Keep up the good work!

    1. Yes, cats are surely responsible for killing more rodents than researchers are — but this is a social good for humans. It’s believed that the Black Plague spread in Europe when cats were killed off in large numbers and rats and their fleas flourished. It’s also believed that cats were domesticated *because* they kill rodents; during the advent of agriculture, cats prevented stored crops from being eaten and contaminated by rodents, and people benefitted thereby. In many parts of the world, cats are *still* employed for their rodent-killing skills: on farms, and even in some Los Angeles police stations. In addition, cats make wonderful companions, but in different ways than dogs do.

  4. Good piece. The animal rights people often assume that you can’t do harm by inaction. They ignore the (often huge )plus side of resolving illness and disability, and focus just on the (sometimes small) negatives.

    I would say that inaction can do harm. Calling for a ban on research can do harm. Let’s keep on speaking about the very real, tangible benefits from animal research.

  5. Pedophiles would not make good research subjects. By law, we have to treat our research subjects humanely and give them the best care possible. Who would want to treat a pedophile humanely?
    Animal research saves lives. There is not one person who has not benefitted from a vaccine, prescription drug or surgery. If you do not wish to partake in these blessings, go ahead and suffer, but don’t take the rest of the world down with you. You will still enjoy some of the “herd health” benefits from the rest of us being vaccinated.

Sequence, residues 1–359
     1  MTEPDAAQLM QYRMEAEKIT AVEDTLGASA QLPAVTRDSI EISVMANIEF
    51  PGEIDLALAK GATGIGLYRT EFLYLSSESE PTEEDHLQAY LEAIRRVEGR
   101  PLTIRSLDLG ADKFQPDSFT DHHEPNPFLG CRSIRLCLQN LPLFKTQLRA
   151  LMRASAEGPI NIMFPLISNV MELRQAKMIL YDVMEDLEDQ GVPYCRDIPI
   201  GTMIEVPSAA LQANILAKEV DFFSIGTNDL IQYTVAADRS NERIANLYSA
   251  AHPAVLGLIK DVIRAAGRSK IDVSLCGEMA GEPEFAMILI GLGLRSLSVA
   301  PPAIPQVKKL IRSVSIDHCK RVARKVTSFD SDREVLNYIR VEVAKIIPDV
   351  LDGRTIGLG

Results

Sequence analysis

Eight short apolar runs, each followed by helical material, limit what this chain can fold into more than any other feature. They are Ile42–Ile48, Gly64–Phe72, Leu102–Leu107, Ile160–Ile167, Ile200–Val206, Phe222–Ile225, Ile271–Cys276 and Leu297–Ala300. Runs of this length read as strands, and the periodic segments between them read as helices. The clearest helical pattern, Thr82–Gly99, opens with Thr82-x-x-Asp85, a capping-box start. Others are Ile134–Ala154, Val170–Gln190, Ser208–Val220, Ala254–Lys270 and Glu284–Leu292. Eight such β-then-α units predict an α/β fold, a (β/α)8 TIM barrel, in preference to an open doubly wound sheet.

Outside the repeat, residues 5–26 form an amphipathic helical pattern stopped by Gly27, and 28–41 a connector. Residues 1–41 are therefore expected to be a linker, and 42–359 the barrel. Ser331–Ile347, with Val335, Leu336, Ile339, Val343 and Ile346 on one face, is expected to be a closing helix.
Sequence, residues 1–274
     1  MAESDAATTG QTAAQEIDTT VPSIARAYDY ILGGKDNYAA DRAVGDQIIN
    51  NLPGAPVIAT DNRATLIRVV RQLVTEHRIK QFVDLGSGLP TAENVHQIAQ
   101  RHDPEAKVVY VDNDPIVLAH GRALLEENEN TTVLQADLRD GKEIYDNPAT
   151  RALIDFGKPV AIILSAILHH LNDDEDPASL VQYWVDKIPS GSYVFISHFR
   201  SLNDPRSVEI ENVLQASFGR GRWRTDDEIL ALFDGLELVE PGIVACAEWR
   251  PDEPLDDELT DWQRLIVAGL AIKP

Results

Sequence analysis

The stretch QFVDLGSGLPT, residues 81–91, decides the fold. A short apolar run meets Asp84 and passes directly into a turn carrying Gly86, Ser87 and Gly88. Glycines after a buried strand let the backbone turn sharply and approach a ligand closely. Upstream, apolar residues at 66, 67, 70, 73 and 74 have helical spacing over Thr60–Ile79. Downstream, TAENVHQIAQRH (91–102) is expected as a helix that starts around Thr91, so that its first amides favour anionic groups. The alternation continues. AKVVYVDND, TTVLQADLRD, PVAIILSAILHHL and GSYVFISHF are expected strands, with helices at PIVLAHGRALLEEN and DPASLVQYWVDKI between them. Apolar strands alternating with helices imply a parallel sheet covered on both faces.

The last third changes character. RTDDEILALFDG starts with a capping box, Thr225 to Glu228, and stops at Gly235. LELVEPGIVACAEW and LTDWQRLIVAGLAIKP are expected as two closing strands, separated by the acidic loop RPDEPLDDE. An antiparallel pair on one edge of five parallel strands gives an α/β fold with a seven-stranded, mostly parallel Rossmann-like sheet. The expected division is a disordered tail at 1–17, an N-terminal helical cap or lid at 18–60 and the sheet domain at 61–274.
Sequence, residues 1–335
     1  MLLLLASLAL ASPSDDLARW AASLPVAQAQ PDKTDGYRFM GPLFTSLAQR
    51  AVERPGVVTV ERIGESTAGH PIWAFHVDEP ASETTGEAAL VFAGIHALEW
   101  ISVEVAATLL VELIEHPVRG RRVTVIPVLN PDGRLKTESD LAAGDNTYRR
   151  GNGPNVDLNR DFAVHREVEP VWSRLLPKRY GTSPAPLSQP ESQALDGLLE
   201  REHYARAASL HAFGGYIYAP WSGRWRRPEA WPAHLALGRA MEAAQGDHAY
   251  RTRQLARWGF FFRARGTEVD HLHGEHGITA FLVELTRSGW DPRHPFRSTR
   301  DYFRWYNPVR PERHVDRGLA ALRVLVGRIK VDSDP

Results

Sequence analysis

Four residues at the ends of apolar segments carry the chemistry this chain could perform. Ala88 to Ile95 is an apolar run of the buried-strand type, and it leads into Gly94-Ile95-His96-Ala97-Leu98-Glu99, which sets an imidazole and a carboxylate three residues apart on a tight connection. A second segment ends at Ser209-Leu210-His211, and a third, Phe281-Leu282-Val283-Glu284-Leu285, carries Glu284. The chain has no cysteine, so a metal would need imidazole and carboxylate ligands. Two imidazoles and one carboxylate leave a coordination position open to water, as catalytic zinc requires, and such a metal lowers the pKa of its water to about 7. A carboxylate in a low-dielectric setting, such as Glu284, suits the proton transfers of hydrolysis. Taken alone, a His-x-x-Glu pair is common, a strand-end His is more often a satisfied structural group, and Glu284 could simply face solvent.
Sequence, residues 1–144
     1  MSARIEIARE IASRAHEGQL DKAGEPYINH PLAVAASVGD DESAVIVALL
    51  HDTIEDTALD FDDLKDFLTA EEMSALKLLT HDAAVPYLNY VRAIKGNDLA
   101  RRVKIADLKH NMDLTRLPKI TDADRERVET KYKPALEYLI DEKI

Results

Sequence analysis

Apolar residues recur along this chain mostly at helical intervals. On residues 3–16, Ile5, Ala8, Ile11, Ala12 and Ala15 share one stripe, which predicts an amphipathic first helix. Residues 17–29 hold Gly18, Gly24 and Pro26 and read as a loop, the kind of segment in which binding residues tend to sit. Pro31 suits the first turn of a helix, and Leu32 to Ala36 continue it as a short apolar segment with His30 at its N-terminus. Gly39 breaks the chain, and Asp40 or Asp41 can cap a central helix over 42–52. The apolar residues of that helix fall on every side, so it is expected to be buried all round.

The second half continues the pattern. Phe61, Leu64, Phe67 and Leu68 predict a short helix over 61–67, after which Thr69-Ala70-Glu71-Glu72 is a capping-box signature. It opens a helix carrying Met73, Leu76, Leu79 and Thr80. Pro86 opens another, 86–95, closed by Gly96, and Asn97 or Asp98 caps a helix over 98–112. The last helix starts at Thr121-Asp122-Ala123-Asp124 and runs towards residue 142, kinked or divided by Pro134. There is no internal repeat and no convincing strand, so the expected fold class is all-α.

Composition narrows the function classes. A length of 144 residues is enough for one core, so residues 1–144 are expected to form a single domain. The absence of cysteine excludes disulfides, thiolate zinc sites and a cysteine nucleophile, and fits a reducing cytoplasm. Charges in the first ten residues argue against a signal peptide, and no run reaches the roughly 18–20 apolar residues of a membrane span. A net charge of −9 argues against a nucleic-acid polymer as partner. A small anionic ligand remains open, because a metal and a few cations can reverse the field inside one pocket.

Those of us who work to take care of animals used in biomedical research do so because we love animals and people. Who else would dedicate their lives to providing them the best care? Trust me, we are not in it for the money. We do it for the animals.

  6. Thank you for your honest and rational outline, as well as sharing your love of your own dogs. It is one of the things I first noted when I met researchers who needed animals for their studies. I was amazed at how many of them had pictures of their own pets on their desks in their offices. It sounds like a strange thing to notice on a routine USDA inspection, but that is what caught my eye and stayed with me (in addition to the wonderful dispositions of the animals I met). It was probably one of the first things that made me see researchers (whom I had envisioned as “monsters”) as the truly caring people I have found them to be so many years later. After working now with researchers and animal care staff in a different capacity (accepting their animals for adoption post-research), I have found them to be some of the most caring people – to BOTH animals and people – I have ever met.

  7. Reblogged this on labmus and commented:
    An excellent reply to a very common question animal-rights leaning individuals ask those of us who work in research. I could to agree with my friend unlikelyactivist more!

  8. I adopted a retired research dog..notice I said retired not rescued. He spent five years in service and I know he has helped save countless lives. He loves to go back and visit his old colleagues and occasionally participate in clinical trials. He is one of the most social and loving dogs I know and is extremely gentle with kids, This alone is an testament to how well he was loved and cared for prior to his retirement, He has his quirks.. he hates rain, likes to plant his butt down when he does not get his way, and loves to sleep on my side of the bed!! He has an amazing little personality. Nothing abnormal. I am the lucky one!! Thank you to all the researchers and animal care staff who did everything right.